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Deer Hunting Muzzleloader First Week In North Carolina 2011

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Published on Nov 4, 2011

Saw a Racoon in the field

The white-tailed deer , also known as the Virginia deer or simply as the whitetail, is a medium-sized deer native to the United States (all but five of the states), Canada, Mexico, Central America, and South America as far south as Peru. It does, however, survive in aspen parklands and deciduous river bottomlands within the central and northern Great Plains, and in mixed deciduous riparian corridors, river valley bottomlands, and lower foothills of the northern Rocky Mountain regions from South Dakota and Wyoming to southeastern British Columbia, including the Montana Valley and Foothill grasslands.

The deer's coat is a reddish-brown in the spring and summer and turns to a grey-brown throughout the fall and winter. The deer can be recognized by the characteristic white underside to its tail, which it shows as a signal of alarm by raising the tail during escape. There is a population of white-tailed deer in the state of New York that is entirely white (except for areas like their noses and toes)—not albino—in color. The former Seneca Army Depot in Romulus, New York, has the largest known concentration of white deer. Strong conservation efforts have allowed white deer to thrive within the confines of the depot.
Size and weight
The North American male white-tailed deer (also known as a buck or stag) usually weighs 60 to 130 kg (130 to 290 lb) but, in rare cases, bucks in excess of 159 kg (350 lb) have been recorded. In 1926, Carl J. Lenander, Jr. took a white-tailed buck near Tofte, MN, that weighed 183 kg (400 lb) after it was field-dressed (internal organs removed) and was estimated at 232 kg (510 lb) when alive. The female (doe) in North America usually weighs from 40 to 90 kg (88 to 200 lb). White-tailed deer from the tropics as well as from the Florida Keys tend to be smaller-bodied than in temperate populations, averaging 35 to 50 kg (77 to 110 lb), with an occasional adult female as small as 25.5 kg (56 lb). White-tailed deer from the Andes are larger than other tropical deer of this species and have thick, slightly woolly-looking fur. Length ranges from 95 to 220 cm (37 to 87 in), including a tail of 10 to 36.5 cm (3.9 to 14.4 in), and the shoulder height is 53 to 120 cm (21 to 47 in). Including all races, the average summer weight of males is 68 kg (150 lb) and is 45.3 kg (100 lb) in females.
Deer have dichromatic (two-color) vision; humans have trichromatic vision. So what deer do not see are the oranges and reds that stand out so well to people.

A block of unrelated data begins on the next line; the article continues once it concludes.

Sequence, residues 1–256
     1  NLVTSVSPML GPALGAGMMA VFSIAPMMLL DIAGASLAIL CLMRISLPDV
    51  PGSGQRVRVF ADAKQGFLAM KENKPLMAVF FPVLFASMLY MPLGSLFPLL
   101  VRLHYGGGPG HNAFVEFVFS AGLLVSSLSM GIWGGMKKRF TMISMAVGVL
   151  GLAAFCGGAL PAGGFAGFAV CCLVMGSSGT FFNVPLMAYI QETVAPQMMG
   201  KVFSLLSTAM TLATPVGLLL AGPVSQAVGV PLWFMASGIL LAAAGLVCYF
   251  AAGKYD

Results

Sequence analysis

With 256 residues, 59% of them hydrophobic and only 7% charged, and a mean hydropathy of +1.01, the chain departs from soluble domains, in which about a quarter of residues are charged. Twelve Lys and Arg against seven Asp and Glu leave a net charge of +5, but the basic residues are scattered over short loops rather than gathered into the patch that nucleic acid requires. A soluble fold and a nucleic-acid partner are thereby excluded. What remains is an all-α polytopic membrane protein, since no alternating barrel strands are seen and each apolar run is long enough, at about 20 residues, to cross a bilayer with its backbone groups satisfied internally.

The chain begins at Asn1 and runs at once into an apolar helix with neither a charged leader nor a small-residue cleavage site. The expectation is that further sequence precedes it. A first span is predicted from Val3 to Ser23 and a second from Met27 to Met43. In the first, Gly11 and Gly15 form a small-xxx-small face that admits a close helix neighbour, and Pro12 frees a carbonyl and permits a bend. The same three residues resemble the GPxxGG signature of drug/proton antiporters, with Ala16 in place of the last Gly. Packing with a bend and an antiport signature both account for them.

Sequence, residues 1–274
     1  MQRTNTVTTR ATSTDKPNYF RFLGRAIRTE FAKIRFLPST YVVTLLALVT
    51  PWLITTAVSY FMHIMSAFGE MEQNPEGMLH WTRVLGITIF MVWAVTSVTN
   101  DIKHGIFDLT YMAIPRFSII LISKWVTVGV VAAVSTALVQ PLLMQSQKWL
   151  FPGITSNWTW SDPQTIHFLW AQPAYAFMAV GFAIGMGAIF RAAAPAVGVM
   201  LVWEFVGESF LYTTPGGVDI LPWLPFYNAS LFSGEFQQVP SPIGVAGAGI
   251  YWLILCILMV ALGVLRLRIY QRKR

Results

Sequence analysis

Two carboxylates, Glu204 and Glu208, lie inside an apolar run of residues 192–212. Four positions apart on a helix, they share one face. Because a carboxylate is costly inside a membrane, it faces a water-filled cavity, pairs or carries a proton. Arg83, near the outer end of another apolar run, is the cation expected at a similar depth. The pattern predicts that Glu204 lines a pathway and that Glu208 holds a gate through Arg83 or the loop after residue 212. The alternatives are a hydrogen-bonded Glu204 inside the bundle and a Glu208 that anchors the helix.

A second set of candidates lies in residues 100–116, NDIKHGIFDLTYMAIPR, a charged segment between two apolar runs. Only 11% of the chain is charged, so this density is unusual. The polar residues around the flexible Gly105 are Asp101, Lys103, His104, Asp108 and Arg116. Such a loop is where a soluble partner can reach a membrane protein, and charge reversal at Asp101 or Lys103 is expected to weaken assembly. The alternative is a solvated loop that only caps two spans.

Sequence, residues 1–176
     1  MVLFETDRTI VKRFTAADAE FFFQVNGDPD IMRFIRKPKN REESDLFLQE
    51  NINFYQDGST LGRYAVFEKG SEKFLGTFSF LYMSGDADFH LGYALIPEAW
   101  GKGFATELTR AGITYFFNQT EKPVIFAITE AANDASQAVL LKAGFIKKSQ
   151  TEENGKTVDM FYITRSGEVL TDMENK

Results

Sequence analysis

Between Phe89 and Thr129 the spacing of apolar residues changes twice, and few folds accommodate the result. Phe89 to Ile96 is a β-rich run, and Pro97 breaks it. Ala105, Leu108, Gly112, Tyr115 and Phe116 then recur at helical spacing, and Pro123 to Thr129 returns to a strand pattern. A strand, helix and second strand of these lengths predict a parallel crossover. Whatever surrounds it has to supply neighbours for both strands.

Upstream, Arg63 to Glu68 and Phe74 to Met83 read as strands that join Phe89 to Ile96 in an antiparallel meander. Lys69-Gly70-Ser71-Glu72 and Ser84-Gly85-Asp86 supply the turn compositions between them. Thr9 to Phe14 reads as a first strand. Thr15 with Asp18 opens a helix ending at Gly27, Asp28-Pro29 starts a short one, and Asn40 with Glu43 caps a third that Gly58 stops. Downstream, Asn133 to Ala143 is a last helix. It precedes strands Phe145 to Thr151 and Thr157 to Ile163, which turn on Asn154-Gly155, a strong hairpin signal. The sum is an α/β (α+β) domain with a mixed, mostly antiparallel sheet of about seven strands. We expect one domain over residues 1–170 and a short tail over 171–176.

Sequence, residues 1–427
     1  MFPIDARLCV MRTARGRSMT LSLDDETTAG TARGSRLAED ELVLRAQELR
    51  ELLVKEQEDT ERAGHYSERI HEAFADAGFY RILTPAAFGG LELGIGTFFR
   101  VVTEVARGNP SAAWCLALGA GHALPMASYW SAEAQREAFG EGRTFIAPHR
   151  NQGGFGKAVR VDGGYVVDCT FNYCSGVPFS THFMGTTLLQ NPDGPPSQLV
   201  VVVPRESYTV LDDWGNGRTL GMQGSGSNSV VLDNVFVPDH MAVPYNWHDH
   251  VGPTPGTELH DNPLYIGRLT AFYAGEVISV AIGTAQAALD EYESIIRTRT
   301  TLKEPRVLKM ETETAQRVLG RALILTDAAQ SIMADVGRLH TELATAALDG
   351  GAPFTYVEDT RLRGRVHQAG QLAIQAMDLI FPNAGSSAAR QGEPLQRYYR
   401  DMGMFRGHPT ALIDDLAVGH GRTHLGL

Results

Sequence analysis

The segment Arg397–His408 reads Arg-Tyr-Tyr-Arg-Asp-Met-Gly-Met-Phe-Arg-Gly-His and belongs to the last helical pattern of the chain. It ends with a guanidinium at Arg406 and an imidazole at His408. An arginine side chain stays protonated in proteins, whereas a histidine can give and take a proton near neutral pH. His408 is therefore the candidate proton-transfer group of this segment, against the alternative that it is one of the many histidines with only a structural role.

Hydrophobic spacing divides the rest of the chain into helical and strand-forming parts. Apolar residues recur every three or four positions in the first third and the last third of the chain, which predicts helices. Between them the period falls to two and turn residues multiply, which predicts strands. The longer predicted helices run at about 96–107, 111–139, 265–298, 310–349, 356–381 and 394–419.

Males re-grow their antlers every year. About 1 in 10,000 females also have antlers, although this is usually associated with hermaphroditism.Bucks without branching antlers are often termed "Spikehorn", "spiked bucks" or "spike bucks". The spikes can be quite long or very short. Length and branching of antlers is determined by nutrition, age, and genetics. Healthy deer in some areas that are well fed can have eight-point branching antlers as yearlings (one and a half years old). The number of points, the length or thickness of the antlers are a general indication of age but cannot be relied upon for positive aging. A better indication of age is the length of the snout and the color of the coat, with older deer tending to have longer snouts and grayer coats. Some say that deer that have spiked antlers should be culled from the population to produce larger branching antler genetics (antler size does not indicate overall health), and some bucks' antlers never will be wall trophies. Where antler growth nutritional needs are met (good mineral sources, i.e., calcium) and good genetics combine it can produce wall trophies in some of their range.[13] Spiked bucks are different from "button bucks" or "nubbin' bucks", that are male fawns and are generally about six to nine months of age during their first winter. They have skin covered nobs on their heads. They can have bony protrusions up to a half inch in length, but that is very rare, and they are not the same as spikes.

White-tailed bucks with antlers still in velvet, August 2011
Antlers begin to grow in late spring, covered with a highly vascularised tissue known as velvet. Bucks either have a typical or non-typical antler arrangement. Typical antlers are symmetrical and the points grow straight up off the main beam. Non-typical antlers are asymmetrical and the points may project at any angle from the main beam. These descriptions are not the only limitations for typical and non-typical antler arrangement. The Boone and Crockett or Pope & Young scoring systems also define relative degrees of typicality and atypicality by procedures to measure what proportion of the antlers are asymmetrical. Therefore, bucks with only slight asymmetry will often be scored as "typical". A buck's inside spread can be anywhere from 3--25 in (8--64 cm). Bucks shed their antlers when all females have been bred, from late December to February.

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